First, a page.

Preparing for his bar mitzvah, Stanley Rosen is disconcerted by his proud mother's promise to commission a chopped liver sculpture in his likeness, but even more concerned about his father's decision to change the family name from Rosen to Royal. World War II has begun and the older Rosen, disturbed by a growing evidence of anti-Semitism, even in their provincial town of Sault Ste. Marie, Canada, wants to disguise the family's Jewish background. Although Stanley is very much a part of the local community, and even has a gentile girlfriend, Fern, he is uneasy with his father's action which, he feels, is a betrayal of a proud heritage. With Fern's help, and that of a sympathetic cousin, Manny, a shell-shocked veteran, he arranges a secret bar mitzvah in the proper family name. His father, angered and resentful at first, soon realizes that his son has shown a courage he has lacked—and as the play ends the family is once again united, and determined to face what may come with dignity and resolve.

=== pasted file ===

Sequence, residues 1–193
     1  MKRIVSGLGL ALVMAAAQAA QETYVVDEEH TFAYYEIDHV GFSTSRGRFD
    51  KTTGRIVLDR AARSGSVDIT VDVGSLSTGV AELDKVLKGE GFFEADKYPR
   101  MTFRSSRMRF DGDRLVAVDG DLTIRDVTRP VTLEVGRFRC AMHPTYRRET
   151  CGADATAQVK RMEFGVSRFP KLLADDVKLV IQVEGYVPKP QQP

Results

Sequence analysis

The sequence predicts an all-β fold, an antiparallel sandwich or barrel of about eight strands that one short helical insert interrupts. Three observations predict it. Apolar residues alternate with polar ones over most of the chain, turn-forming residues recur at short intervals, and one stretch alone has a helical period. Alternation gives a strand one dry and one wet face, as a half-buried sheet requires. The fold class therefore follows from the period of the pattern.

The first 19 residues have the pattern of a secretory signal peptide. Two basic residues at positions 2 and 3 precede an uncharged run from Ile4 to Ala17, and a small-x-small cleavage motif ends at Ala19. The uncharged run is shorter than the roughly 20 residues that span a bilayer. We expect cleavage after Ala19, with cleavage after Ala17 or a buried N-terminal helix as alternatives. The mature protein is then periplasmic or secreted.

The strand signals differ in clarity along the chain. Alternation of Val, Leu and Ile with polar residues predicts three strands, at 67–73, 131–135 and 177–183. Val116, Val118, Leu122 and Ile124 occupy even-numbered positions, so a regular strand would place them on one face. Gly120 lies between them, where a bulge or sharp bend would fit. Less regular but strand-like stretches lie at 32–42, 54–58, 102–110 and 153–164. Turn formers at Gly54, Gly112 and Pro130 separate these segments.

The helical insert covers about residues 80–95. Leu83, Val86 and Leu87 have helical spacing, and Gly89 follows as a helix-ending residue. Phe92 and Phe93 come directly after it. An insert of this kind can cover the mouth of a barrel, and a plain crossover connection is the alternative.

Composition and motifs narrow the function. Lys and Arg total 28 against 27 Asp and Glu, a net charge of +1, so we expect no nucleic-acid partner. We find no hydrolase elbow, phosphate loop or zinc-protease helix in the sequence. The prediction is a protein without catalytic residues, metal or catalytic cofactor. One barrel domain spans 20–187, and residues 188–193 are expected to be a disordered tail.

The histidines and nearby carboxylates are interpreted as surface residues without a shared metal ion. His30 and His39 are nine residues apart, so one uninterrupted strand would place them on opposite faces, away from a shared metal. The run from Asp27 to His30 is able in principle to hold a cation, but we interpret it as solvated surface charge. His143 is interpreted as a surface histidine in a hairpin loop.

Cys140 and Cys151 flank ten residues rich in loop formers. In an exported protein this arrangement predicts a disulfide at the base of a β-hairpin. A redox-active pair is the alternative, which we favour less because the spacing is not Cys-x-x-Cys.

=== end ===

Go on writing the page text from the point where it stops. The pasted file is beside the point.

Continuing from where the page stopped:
"…Down-to-earth honesty, sincerity and love in the writing…" —BackStage.
"…an envious amalgam of wit, warmth and homey philosophy." —NY Daily News.
"…the best thing I have yet seen from Horovitz, a triumphant affirmation of an early promise…" —NY Post.